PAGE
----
Women control more than half of the wealth in the United States but typically they cling to it rather than give it to political candidates. So, if a candidate could unlock half of the money in the country, they'd be a sure thing, right?
Well, money doesn't always lead to victory, but the correlation is pretty strong. So, why, when women vote in higher percentages than men, donate to charities at a higher rate than men, and control significant wealth, do they typically constitute less than half of the total amount of political contributions?
A new study by the Women's Campaign Forum Foundation that examined women's political giving found that political donations from women increased slightly this year. To date, women have donated $109,489,920 to the two presidential nominees. In addition, women contributed $60 million to Hillary Clinton's presidential bid—accounting for 49.8 percent of her contributions. (The data by the Center for Responsive Politics breaks down the numbers by gender when it is able to determine a donor's gender.) Typically, women account for around 35 percent of contributions. In 2000, women gave $37 million (34 percent); in 2004, $115 million (35 percent); and so far this year, their total amounts to 36 percent of the total. (And these figures included only up until July.)
So, why the gender gap in political donations?
The foundation has an interesting point: Women contribute to enact social change. For women, that desire to enact social change correlates to contributions to charitable organizations, not political candidates. This shows that women don't think that politics is a worthy place for their money, perhaps because not enough social change has been enacted in their lifetimes. While female voters might not think much social change is enacted through politics, there have been great strides over the last 90 years. Women gained the right to vote in 1920, but still, women constitute only 16.6 percent of the House and 16 percent of the Senate. This is a dramatic increase from 15 years ago, when there were only four female senators and 28 House members. We have a ways to go, but in my book, that is definitely social change.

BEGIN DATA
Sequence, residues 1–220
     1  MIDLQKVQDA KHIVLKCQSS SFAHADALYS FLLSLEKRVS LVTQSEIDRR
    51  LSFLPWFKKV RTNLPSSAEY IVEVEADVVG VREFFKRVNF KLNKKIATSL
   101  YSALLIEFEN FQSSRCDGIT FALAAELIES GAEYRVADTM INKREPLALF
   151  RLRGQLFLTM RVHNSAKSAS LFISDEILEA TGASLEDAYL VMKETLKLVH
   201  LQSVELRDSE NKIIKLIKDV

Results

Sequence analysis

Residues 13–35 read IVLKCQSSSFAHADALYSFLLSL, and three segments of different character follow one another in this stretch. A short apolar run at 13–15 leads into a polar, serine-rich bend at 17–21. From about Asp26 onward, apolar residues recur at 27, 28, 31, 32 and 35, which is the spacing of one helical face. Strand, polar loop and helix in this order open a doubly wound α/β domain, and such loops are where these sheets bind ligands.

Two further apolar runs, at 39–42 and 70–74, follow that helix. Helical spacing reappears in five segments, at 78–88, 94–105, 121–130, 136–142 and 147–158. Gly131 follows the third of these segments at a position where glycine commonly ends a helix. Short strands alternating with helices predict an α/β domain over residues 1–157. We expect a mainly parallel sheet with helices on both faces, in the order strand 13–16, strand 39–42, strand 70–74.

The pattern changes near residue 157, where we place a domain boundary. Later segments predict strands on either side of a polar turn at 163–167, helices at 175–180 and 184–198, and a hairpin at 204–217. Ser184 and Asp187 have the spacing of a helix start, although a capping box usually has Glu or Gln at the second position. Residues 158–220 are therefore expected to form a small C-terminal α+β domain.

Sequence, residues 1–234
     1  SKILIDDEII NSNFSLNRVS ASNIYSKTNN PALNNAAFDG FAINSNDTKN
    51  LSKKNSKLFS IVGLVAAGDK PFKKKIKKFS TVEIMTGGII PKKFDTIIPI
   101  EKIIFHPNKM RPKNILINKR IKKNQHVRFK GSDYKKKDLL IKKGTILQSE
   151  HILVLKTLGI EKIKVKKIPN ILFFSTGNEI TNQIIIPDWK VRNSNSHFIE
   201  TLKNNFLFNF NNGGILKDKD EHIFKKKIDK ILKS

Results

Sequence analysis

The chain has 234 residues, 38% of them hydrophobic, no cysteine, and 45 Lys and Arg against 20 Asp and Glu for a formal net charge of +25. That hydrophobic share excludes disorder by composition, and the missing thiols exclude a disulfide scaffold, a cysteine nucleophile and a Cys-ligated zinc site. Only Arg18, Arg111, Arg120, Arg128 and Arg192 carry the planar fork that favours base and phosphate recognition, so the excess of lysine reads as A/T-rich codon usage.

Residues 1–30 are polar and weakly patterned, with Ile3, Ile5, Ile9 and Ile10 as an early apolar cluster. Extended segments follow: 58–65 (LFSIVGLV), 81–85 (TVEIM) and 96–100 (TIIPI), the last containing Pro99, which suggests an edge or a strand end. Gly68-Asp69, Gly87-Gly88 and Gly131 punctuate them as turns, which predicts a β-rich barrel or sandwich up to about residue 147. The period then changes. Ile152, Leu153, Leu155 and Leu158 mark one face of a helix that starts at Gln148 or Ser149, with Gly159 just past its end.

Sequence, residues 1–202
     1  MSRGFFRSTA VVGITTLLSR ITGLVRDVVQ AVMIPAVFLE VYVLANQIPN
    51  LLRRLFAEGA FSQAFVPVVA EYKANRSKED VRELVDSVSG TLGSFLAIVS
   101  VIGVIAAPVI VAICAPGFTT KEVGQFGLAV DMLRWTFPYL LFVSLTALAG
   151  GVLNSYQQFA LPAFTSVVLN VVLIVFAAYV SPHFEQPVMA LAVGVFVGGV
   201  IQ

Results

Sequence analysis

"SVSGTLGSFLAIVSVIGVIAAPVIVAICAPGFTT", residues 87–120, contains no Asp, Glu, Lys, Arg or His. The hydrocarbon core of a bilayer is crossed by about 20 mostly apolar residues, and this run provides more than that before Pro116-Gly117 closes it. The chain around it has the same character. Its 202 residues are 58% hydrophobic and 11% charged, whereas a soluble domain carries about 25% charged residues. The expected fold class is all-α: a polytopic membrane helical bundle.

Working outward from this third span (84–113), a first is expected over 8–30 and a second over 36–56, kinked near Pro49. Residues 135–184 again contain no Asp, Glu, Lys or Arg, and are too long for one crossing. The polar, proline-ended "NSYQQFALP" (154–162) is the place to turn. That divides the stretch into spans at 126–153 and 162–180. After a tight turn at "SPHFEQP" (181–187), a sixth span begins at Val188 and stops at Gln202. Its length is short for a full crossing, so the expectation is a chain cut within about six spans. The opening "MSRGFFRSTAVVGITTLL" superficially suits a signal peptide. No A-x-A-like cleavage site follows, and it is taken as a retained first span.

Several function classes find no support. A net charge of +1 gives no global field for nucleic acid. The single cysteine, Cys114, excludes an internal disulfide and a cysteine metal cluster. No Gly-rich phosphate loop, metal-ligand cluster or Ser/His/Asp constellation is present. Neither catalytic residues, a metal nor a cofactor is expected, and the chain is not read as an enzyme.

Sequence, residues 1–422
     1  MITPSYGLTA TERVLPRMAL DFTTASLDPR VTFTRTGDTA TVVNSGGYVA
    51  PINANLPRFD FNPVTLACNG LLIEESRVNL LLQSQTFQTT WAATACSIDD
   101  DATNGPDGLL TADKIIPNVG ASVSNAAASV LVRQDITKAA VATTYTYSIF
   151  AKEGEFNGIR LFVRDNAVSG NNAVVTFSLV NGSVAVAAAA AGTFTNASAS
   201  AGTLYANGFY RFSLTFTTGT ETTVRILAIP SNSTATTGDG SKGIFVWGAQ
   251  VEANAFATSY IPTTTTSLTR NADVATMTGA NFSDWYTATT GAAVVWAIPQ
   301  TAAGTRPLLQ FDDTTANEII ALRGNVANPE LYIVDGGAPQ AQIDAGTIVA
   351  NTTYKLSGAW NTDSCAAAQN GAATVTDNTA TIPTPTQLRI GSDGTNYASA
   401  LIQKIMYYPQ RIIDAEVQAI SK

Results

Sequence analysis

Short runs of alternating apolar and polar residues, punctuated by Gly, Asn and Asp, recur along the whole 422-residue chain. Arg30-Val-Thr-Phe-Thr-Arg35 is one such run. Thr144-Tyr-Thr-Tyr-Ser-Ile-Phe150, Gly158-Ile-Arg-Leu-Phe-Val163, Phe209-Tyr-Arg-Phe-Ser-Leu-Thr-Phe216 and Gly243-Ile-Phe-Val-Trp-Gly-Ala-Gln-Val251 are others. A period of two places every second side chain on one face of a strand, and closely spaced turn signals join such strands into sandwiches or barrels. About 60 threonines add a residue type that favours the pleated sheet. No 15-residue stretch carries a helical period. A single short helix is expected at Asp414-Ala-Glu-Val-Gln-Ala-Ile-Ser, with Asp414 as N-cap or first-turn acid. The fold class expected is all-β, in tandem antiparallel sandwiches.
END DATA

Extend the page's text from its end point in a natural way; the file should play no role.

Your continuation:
This year, it seems women are getting on the bandwagon. Of Clinton's donations, nearly 50 percent came from women. That's much closer to the percentage of women who vote. Barack Obama's donations from women are slightly lower, at 41.7 percent. John McCain's percentage is drastically lower than both of the other candidates, and also the average, at 28 percent, but this data ends before Sarah Palin was on the ticket.
Clinton's high percentage of female donors shows that with more women in politics, women everywhere are inspired and see social change. It's most likely Palin has increased McCain's showing with women, but we'll just have to wait and see.